Through the power of twitter I volunteered to help Amy Cosgrove (@Teacher_Chic) with an assignment for her Master’s program.  Amy sent me a series of questions about student engagement.  This self-reflection was very beneficial because it prodded me to contemplate what works and what I would improve in my own practice.  Below are some of the questions with my responses.

1.       What is your definition of engagement? 
I googled student engagement to make my personal definition is in sync with what the pedagogical pros are saying and I found that technically ‘engagement’ is about being on-task. And while that may be true to an extent, I think it should be more than that.  When students are thinking and feeling and questioning the subject- that’s engagement!  To me engagement is about students taking ownership of their learning- no matter how big or small that learning goal is. If they are the one in charge of making sure they’re getting it and are striving toward the goal- that’s engagement, to me.

2.       What are some of your practices that you find most engaging for students in your class?
That’s a tough question I think because it’s so subjective.  My students did a lot of inquiry based learning.  I found that they understood the content so much more when it was approached this way and they developed the skills they needed to be successful with the curriculum. Another practice is that my students sat in group of four and used mini-white boards to answer questions that were dispersed throughout a traditional lesson.  I found that they were more successful with this approach, partly because their level of engagement was much higher when they were expected to interact with their peers within the context of the lesson.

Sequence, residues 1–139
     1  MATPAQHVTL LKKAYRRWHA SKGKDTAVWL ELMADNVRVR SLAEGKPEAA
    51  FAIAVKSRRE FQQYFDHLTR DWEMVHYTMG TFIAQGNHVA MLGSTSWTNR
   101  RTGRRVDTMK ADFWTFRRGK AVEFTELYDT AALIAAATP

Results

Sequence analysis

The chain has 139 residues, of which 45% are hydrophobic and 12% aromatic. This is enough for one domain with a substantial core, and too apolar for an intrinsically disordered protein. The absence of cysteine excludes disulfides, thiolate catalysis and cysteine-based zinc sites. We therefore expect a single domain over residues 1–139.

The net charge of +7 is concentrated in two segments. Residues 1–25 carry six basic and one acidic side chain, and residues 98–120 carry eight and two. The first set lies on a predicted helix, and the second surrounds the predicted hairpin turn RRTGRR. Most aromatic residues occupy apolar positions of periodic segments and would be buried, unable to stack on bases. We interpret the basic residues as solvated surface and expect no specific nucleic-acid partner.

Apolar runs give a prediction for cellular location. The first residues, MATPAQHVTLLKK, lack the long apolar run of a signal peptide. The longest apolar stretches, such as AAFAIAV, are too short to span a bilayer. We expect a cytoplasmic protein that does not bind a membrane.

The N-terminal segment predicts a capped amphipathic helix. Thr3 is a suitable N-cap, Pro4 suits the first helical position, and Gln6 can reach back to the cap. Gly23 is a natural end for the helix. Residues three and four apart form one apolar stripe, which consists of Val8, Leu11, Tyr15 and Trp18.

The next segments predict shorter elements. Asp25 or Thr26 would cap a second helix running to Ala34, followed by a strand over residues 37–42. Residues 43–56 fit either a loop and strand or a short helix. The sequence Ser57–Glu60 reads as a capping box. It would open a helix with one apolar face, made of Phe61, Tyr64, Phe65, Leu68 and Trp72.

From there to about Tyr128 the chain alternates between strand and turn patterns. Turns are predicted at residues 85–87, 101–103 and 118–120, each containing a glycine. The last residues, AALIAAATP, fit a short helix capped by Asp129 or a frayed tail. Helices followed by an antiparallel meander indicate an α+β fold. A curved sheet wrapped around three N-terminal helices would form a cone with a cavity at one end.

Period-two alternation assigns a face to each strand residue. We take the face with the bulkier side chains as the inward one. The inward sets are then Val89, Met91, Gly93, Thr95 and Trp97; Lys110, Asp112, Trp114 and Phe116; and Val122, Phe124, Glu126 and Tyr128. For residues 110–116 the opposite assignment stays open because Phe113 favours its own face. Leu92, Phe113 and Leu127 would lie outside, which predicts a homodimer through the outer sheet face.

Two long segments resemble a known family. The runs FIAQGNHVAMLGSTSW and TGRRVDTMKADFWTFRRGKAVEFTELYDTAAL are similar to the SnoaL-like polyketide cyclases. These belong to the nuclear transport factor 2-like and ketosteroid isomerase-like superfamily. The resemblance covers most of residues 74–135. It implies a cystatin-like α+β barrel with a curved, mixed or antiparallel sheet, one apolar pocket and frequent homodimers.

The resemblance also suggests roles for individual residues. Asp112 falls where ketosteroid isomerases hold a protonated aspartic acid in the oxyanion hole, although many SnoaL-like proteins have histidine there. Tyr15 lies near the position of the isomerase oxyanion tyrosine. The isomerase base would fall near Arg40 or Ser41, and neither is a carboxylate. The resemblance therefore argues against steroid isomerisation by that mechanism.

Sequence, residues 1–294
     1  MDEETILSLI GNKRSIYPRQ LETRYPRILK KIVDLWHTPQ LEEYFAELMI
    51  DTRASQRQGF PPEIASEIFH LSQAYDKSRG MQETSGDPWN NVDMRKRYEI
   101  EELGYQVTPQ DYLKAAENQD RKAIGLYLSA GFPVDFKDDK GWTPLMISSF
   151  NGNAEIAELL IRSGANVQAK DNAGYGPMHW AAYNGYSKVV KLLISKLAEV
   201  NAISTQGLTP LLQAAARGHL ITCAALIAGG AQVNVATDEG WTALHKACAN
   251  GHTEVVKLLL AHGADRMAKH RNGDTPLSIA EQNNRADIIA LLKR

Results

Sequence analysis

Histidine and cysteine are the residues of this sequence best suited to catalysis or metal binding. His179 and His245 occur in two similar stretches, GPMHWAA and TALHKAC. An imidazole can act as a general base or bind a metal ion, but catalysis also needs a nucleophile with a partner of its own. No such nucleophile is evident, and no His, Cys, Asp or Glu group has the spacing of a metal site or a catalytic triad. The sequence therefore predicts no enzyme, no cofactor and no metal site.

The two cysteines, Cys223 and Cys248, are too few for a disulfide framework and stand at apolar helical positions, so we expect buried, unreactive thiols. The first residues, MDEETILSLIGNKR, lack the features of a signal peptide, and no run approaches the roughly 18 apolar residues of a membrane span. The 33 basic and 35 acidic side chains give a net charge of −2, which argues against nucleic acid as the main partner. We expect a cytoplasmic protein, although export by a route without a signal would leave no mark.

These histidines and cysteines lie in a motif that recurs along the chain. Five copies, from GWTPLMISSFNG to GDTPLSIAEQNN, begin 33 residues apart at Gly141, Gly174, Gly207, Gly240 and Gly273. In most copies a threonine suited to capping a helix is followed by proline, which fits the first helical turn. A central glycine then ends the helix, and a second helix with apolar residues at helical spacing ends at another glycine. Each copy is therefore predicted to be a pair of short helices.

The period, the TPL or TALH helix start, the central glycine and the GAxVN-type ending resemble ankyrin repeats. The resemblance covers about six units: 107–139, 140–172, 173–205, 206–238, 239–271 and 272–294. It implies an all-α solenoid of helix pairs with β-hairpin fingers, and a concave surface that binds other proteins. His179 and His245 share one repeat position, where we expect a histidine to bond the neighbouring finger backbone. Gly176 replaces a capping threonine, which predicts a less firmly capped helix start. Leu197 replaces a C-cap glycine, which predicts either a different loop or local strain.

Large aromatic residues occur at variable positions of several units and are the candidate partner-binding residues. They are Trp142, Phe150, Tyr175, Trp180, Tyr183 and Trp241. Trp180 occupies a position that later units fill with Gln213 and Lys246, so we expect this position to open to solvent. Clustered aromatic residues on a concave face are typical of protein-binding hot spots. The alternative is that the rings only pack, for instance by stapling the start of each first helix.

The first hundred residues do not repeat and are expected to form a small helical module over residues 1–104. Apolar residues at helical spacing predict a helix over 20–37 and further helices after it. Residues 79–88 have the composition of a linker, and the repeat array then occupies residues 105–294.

3.       What methods do you use to encourage disengaged students to become engaged?
I break one larger task into smaller more manageable task with check-in points along the way.  I found much more success with projects when I started chunking the process and having brainstorming session and peer reviews along the way.  I also really encourage small successes so that the students know what praise and responsibility feel like so they’ll want more.

4.       What questions (if any) do you encourage outside of the curriculum for students who are either disengaged (and need connection to class work) or engaged (where they’d benefit or enjoy new knowledge or skills beyond provincial/state requirements)?
I think that if our classroom lessons are centered around the skills of the standards and we use the knowledge to give context to those skills then we can make small adjustments to meet the needs of our students.   When we are asking our students to make connections between two or three big ideas and relate them to their own reality, it helps meet the needs of both groups of students.

So... How are you reflecting on your own practice to become better at engaging students? What is your definition of engagement? How do you encourage it? 

Sunday, October 24, 2010

The wheelbarrow of learning

Today I decided to tidy up ‘the yard’ (it’s about  an acre and a half)  so I started out by grabbing the wheelbarrow and moving from spot to spot, picking up branches that I saw.  In no time I had finished the task and headed to put them in the limb pile.  After I finished the yard and dumped the wheelbarrow full of limbs, I noticed that I had missed a branch.  I set the wheelbarrow down and went to get it.  Upon close inspection, I realized I needed to redo the entire yard. This time though, instead of walking around with my wheelbarrow in hand, hoping to spot the fallen branches, I needed to periodically set the wheelbarrow down and go seek out the limbs that weren’t obvious at first glance.  I ended up re-doing the entire yard with this process and eventually filled another wheelbarrow full of limbs.